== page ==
Big-name movie directors share tips on showbiz

Daily Sundial

Hang on for a minute...we're trying to find some more stories you might like.


Email This Story






Two prominent executive speakers spoke to Cinema and Television Arts majors about filmmaking and directing at the Elaine and Armer Theater Nov. 3.

“It is such a great advantage to be able to work with a film director,” Marshall said.

Marshall took film classes while majoring in political science. He graduated in 1968.

Marshall said he has been to Europe and explored different avenues of film.

“I wanted to go to different places to really be out there,” he said. “I didn’t like being cooped up in one place.”

When Marshall directed the “Bourne Supremacy” in 2003, he said he was given the chance to film in different European cities.

“For me, it has always been an interesting puzzle of how a movie should be made,” he said.

Marshall described the first time he met Steven Spielberg in 1972 when Spielberg was a young director of an upcoming movie called “Duel.”

“You have to get noticed, and if you’re noticed it only means one thing: you’re good;,” Marshall said. “You’re what they’re looking for.”

Marshall said he was very fortunate to have met Spielberg at the right place at the right time.

“It was pretty much luck on my part,” he said regarding an incident when Spielberg recommended him for a role in a film, that he later got.

Marshall said he was also advised by Spielberg to look at a lot of scripts.

“One of my favorites was ‘Back to the Future,'” he said.

Marshall said he and his film production company receive between 20 and 30 scripts every week, of which he only has time to read half.

Marshall also said that directing is much harder than producing because directing involves time and strategic planning.

“The line is very blurry between the two (directing and producing),” he said.

In a question and answer session, CTVA major Greg Sava, asked Marshall if filmmakers were handed scripts or stories that never made it to production.

“We’ve given up on a bunch of projects simply because we couldn’t get anyone to make it,” he said. “We couldn’t keep it going.”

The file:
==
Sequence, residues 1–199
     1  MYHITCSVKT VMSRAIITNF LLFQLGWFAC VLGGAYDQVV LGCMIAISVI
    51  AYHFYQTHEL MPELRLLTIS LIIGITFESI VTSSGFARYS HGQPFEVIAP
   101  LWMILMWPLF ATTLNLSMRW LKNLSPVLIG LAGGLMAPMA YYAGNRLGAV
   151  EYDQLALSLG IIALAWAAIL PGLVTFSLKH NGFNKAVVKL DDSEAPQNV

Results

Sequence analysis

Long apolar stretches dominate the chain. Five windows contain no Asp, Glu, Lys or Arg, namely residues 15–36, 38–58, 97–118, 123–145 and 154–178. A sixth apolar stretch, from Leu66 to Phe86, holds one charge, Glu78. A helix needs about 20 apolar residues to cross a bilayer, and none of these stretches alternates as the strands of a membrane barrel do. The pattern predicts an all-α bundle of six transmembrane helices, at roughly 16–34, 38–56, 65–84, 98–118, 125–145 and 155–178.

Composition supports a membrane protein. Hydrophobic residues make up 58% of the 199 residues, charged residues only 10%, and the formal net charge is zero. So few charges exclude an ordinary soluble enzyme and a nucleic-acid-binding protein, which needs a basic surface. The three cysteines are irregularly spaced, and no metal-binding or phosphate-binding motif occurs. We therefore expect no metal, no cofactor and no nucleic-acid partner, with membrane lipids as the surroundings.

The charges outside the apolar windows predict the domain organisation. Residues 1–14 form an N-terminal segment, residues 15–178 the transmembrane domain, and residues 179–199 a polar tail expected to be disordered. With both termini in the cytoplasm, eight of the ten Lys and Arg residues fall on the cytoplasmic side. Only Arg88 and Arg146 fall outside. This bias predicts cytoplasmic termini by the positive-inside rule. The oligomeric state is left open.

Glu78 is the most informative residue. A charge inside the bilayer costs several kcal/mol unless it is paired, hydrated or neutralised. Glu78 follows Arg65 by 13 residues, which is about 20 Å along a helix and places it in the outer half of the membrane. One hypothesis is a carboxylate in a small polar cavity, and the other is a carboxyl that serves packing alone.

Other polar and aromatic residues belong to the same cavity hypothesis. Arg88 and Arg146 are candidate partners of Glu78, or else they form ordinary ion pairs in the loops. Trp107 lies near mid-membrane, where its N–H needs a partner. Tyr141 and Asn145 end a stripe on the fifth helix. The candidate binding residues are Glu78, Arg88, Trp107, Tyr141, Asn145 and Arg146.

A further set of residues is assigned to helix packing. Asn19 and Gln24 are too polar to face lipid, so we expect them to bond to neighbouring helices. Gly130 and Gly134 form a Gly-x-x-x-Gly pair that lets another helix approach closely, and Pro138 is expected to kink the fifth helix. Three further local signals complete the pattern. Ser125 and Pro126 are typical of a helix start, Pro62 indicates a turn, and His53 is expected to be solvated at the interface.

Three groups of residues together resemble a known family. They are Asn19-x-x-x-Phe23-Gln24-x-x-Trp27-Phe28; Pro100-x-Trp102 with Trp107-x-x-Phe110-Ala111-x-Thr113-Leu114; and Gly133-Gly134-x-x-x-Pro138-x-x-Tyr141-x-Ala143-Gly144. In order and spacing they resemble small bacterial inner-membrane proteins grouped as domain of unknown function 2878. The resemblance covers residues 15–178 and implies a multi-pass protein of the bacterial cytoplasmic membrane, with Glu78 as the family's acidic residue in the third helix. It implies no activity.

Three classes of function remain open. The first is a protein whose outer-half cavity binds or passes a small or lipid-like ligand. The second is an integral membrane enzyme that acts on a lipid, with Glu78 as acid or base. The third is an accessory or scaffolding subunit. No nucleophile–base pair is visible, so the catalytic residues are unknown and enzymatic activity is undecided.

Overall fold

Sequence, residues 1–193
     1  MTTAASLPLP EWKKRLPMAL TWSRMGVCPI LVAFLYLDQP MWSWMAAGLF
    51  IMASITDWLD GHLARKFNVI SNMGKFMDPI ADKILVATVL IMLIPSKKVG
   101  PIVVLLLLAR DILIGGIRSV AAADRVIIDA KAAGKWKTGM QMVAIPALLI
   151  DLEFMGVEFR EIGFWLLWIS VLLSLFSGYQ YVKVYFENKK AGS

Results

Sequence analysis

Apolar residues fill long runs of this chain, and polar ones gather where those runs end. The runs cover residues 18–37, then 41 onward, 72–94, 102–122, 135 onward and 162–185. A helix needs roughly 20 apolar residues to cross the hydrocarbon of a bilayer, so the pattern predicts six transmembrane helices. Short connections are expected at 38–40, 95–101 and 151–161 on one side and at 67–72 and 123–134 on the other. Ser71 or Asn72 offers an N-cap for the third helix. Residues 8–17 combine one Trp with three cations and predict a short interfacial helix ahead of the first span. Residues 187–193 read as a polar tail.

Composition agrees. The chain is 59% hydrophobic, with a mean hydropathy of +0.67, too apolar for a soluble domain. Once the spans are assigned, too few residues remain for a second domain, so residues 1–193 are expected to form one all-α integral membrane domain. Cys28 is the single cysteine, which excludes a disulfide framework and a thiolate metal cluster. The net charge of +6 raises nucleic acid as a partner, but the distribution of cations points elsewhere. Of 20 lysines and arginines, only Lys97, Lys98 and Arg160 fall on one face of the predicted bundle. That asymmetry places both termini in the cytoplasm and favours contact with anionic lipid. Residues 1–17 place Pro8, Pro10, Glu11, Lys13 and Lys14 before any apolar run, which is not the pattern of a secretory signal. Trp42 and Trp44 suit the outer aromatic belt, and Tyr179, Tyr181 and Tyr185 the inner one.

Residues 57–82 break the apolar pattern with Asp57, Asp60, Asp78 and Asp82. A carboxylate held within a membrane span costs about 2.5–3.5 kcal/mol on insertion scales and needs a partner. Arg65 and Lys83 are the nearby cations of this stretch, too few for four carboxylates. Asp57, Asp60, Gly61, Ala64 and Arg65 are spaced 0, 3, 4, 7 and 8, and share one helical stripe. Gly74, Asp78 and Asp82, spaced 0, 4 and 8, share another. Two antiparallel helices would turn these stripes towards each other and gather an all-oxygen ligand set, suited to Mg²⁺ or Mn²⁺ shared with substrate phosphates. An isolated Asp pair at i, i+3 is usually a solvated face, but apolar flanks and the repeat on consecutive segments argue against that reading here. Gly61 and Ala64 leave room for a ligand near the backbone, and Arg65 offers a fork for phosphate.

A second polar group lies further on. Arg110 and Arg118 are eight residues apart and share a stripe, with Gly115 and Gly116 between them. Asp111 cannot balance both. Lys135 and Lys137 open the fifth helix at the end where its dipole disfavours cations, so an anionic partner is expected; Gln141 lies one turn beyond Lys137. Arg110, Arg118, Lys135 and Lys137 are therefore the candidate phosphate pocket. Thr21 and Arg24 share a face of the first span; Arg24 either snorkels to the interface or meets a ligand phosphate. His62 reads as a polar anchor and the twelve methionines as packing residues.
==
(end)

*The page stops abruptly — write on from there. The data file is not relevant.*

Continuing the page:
Marshall said the contribution of technology and computer graphics to the movie business has increased the quality of film.

“We are now able to enhance the quality of filmmaking because of special effects and computer technology,” he said. “But when we didn’t have it to rely on, it made some of us even more creative.”

Marshall also said he prefers to work with actors that are not well known to the public. He said he enjoys working with new faces.

Melanie Stevenson, an aspiring actress, in attendance asked Marshall how he knows a movie is good, and how it could sell.

“I like to get feedback and criticisms from people who saw the movie and supported it (in one way or another),” Marshall said.

He said he believed that the film industry’s biggest problem is a lack of great movies.

“The key is to make good movies. That’s why directors spend a lot of time and members put in a lot of effort in creating a high-quality movie,” Marshall said.

Technique and process are crucial to the development of a piece of story, and he said adding both are the basic rules of cinema.

“The people who go to see this movie [per se] are the bank,” according to Marshall. “I sell the final product to them.”

Marshall admitted that the film industry is a people business and a market itself.

Breck Eisner, film and television director, was also a guest speaker. He expressed similar sentiments about film marketing.

Eisner, who went to an all-boys school at Harvard High, received his bachelor’s degree in film at Georgetown University, He directed “Sahara,” starring Matthew McConaughey and Penelope Cruz.

Eisner said shooting “Sahara” was a difficult journey.

“We had a script that really sucked to begin with,” he said. “So to finish it up with great results and satisfaction from everybody was a godsend for me.”

He said that 12 people worked on the script of the movie.

He said the script underwent 25 revisions because Penelope Cruz was not able to capture the character as it was initially written.

Eisner passed out copies of that scene’s script to allow the audience to see how many times it had to be rewritten.

“If the script is in trouble, it is very hard to overcome,” Eisner said.

Eisner encouraged students to form their relationship with the people they come in contact with.

“People want to hire people they can work with, so get to know people and form some kind of bond with them, because they hire friends over just anybody,” Eisner said. “It’s who you know 90 percent of the time,” he said.

He said students should take a simple story and expand its general idea.

“Student film is a real, fundamental stepping stone,” Eisner said. “Make a short [student] film of about 5 – 10 minutes, no longer,” he said, “because studio executives have short attention span and you have limited funds.”

Eisner also urged students to build upon on their initial ideas.

“Don’t fall back on your first idea; keep rewriting it,” said Eisner. “If you don’t have that kind of time frame, recreate the script.”

Jelly Mae Jadraque can be reached at ane@sundial.csun.edu.